Monday, May 19, 2014


The Stark County Political Report began a new series focusing on gender (equal pay for equal work) four Mondays ago with Volume 1 with an examination of "the commissioners office," "the Stark County treasury" and "the recorder's office."

Three weeks ago  in Volume 2 the perusal was of the county auditor's and prosecutor's office.

Two weeks ago (Volume 3 in this ongoing series) the look was at the clerk of courts office and the Stark County sheriff department.

And last week (Volume 4) the SCPR examined the Stark County Engineer's office and the Stark County coroner's office.

So far The Report has been less than impressed (in an overall sense) of how Stark County's elected officials are doing on the matter of gender equity.

And that experience squares up with the state and federal governments.

A primary document to be familiar with for anyone who cares whether or not American women are treated equally in the job market is in the Equal Pay Act of 1963.  However, the fight for fairness for more than half the American population continues inasmuch as the fact of the matter is that the 1963 act has not resulted in pay equity for women.

Still, in 2014, on average, women are paid 79 cents for every dollar that men are paid in the American workplace.

Of course, the law is one thing.

The underlying facts of the rampant discrimination and hardship that American women from the early 1600s on have had to endure and thereby necessitating the 1963 law is something that we all should familiarize ourselves with.

The SCPR just completed reading Gail Collins' America's Women and recommends that readers of this blog series take time to read.

For anyone who thinks that our great nation has overcome this blight, needs to think again.

In 2009, population demographics showed that women outnumbered men 158.6 million to 151.4 million.  And there is no reason that the tilt to a distinct majority women is not growing.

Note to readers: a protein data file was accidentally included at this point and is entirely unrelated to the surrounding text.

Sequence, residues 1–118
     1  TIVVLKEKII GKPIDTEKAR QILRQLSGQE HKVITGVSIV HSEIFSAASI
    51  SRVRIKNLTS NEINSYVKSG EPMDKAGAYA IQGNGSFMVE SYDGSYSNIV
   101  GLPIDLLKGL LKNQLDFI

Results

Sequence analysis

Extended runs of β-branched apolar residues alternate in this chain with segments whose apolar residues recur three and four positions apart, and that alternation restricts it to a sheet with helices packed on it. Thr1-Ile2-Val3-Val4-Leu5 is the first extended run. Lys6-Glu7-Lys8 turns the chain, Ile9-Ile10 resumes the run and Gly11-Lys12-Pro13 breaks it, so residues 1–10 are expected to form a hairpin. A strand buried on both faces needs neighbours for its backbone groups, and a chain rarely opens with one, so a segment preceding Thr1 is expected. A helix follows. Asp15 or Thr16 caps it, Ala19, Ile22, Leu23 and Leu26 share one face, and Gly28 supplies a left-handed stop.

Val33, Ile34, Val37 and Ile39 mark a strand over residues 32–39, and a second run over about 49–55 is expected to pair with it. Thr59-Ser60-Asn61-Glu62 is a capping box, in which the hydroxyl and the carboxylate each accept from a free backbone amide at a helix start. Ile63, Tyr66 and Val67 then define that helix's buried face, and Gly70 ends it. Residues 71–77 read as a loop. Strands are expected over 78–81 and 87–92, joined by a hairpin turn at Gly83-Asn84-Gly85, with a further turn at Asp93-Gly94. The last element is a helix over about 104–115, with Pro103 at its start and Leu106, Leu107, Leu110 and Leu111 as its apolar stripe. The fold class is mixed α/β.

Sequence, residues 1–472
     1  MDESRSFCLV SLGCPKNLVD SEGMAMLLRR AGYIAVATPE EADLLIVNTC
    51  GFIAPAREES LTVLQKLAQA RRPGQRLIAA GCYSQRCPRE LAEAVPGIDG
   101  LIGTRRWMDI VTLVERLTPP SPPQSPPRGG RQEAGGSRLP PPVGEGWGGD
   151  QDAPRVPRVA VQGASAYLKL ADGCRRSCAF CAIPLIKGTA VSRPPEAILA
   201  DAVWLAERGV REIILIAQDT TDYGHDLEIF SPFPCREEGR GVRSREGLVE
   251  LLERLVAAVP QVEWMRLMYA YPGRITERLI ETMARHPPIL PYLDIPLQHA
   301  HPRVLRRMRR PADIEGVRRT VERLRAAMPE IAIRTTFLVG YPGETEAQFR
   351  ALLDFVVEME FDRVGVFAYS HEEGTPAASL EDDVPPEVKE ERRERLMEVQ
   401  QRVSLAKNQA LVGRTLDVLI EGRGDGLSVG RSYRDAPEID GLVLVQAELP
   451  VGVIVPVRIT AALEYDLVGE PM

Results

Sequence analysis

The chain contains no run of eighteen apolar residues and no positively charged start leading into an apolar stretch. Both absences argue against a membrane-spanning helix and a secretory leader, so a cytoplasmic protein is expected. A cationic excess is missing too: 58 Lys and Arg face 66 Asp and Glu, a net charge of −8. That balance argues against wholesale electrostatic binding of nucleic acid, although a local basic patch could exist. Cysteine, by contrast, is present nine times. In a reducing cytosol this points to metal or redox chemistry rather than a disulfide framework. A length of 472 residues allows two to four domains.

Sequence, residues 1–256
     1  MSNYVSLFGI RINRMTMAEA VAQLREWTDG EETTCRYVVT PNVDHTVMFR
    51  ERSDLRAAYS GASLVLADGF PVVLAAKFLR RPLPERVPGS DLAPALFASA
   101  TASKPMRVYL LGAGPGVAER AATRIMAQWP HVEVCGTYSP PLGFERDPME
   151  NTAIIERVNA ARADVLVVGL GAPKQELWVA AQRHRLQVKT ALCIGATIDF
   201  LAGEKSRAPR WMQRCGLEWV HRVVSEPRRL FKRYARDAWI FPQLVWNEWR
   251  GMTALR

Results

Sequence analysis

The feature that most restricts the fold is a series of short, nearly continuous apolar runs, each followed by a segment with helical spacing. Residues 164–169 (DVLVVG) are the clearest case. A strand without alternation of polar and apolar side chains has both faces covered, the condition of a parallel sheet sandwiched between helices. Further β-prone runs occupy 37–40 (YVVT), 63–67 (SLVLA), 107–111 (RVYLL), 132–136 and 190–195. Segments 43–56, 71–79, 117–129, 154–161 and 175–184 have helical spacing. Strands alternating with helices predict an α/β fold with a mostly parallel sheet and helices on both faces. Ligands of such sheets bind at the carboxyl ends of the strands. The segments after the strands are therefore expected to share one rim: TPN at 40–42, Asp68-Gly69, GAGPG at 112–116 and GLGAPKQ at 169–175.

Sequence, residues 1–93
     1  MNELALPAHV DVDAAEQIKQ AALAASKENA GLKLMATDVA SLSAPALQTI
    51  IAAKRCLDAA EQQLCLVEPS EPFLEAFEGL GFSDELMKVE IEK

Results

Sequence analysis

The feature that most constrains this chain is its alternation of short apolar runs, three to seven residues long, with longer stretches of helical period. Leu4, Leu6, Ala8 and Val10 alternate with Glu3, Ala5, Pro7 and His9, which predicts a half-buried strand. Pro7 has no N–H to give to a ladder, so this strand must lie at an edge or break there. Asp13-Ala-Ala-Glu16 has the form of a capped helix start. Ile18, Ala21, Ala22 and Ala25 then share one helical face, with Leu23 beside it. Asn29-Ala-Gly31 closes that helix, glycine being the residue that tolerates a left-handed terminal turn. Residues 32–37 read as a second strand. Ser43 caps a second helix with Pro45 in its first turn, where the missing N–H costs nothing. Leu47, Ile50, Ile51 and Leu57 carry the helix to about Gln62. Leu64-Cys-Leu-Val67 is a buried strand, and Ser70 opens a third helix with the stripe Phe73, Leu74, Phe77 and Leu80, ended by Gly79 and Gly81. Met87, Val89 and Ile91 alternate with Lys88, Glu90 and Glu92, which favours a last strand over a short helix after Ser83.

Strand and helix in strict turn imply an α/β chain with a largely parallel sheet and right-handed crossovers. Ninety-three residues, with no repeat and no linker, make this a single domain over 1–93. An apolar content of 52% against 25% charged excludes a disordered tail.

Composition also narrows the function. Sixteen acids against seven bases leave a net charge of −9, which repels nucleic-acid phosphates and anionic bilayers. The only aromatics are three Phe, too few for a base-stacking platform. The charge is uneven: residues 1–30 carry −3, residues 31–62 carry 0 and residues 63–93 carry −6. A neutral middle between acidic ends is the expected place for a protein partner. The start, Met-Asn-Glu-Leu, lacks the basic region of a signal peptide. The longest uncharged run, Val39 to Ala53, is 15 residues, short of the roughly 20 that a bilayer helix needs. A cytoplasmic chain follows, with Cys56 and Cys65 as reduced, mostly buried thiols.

One danger in citing national statistics is that you, I and our neighbors might think that here in "good ole Stark County" there is very little if any gender employment discrimination going on.

Already, the SCPR believes that this blog's series is showing that the fact of the matter is that there are pockets of real and substantial differences in how men are paid depending on what department of Stark County government one is looking at.

Of course, the only place that information is readily available to assess is in government.  There is no right to obtain data from the "private sector" as to what the pay scales are between males/females as there is in the public sector. Accordingly, we have no choice but to rely on national statistical studies to get a feel for what is going on locally among privately owned entities.  And there is no reason to believe that the Stark County private sector varies significantly from the national scene.

As far as Stark County is concerned, today's picture (i.e. the Court of Common Pleas, Family Court and the Public Defender's departments of Stark County government) shows complete turnaround from Volumes 1, 2, 3 and 4 in terms of women getting equal treatment in terms of pay and position.


Though the Stark County Court of Common Pleas has two female judges (Democrat Tayrn Heath and Republican Kristin Farmer), both are relatively newcomers to the bench and therefore do not deserve much if any of the credit for gender parity if not better (for women) in Stark's general jurisdiction court.

The SCPR thinks that retired judges - "all men" - Charles Brown (a Republican), V. Lee Sinclair (a Republican) and Richard Reinbold (a Democrat) deserve the lion's share of credit for ensuring that women have achieved if not surpassed gender equity in the Court of Common Pleas.


The picture is much the same in Stark County's Family Court.

Here though the SCPR credits long time judges Michael Howard and Jim James (both Republicans) and, again - "two men" - for seeing to it that Stark County's women get a fair shot, in terms of pay and position, at taxpayer supported jobs.


Stark County's Public Defender did not "upset the apple cart" on gender equity matter that is evident in Stark's justice system (i.e. the Court of Common Pleas and the Family Court as exemplified above).

Under the able leadership of Tami Johnson (with the office since 1985), both women and men get their fair due as shown in the following chart.

It is always a terrific day for the likes of the Stark County Political Report which takes great pains to take a critical look at the operations of various units of Stark County's government and its political subdivisions to come up with a wholly positive evaluation as is the case with today's blog.

A SCPR Hats Off! to the Stark County Court of Common Pleas, the Family Court and the Public Defender on their exemplary work in achieving gender equity plus in their employment, wage and promotion practices!

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